• Tue, Apr 23, 2024

Fakeer And The Arc Make A Typically Vibrant Return On 'Fly'

Jun 26, 04:27pm

With a theme, to boot!

Bengaluru jazz-rap outfit Fakeer And The Arc released one of the most interesting and lucid realizations of the genre back in 2020 (the year the pandemic happened, in case we’ve all decided to forget), a wonderful EP called ‘Ikigai’ (that we loved). This was a lovely little 11-minute listening experience with three short songs and an undeniably cool vibe. This release was part of what turned what was once the rock capital of South India (besides the ego death of the genre) into a place that now has its finger on the pulse of what will become wildly popular a couple years from now. Fakeer And The Arc have now released ‘Fly’, their first real piece of public-consumption music since, and it is as relevant as ever.

Yes, of course you will gravitate towards the tight-but-relaxed grooves on the tune, courtesy Sange Wangchuk, who also plays for a band called Till Apes (that’s a joke; you know them, obviously). The instrumentation that surrounds it (courtesy some incredibly tasteful work from Aniket Roy Chowdhury on guitar and Raghuraman Subramanian on le bass) is equally exciting, but it’s Fakeer’s subject matter that commands the most attention. Oran Brahma (who’s Fakeer) talks about the idea of getting away from the constant and almost desperate desire for fame and virality that plagues so much of the world’s popular culture today. It’s a weirdly contrarian opinion on the state of entertainment, and it validates everything this piece of music is about. It’s catchy, but not for the sake of it. It’s not built for content even though you can put any 8 bars of it into a Reel. It’s not even particularly energetic despite the very garage/2-step vibe of its second half. It’s almost like the musicians involved are dipping into a sound only because it serves their creative interests, which is such a breath of fresh air.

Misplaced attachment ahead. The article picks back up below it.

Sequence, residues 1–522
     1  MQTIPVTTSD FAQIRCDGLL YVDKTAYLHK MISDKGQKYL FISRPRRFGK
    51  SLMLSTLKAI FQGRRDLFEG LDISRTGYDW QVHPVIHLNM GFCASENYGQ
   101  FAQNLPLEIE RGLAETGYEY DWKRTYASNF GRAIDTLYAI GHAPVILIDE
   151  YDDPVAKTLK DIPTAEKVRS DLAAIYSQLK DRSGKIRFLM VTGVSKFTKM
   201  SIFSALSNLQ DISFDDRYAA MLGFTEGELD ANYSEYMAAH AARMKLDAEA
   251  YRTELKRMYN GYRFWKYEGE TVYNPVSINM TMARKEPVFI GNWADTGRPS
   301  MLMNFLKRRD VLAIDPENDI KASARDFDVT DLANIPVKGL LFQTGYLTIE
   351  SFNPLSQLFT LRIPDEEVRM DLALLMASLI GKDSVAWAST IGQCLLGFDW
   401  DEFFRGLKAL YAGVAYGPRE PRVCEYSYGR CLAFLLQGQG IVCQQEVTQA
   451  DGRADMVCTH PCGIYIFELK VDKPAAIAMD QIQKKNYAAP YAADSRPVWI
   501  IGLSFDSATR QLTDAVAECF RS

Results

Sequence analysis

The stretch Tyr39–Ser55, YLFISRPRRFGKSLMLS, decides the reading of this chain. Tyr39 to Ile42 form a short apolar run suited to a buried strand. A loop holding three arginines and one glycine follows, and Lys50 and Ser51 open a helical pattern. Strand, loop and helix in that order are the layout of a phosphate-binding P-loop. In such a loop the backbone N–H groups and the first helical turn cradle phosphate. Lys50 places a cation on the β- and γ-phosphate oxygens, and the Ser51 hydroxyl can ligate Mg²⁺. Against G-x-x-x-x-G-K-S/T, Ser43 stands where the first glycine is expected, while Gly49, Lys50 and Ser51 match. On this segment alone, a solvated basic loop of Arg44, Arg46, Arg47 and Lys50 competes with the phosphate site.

‘Fly’ is essentially a song that makes you reflect in spite of itself, which is far rarer than one would think. More importantly, it’s made with honesty and a dedication to a vibe; far rarer than one would think. Don’t believe that? Listen to its outro. And then, play it again. And maybe another time after that.


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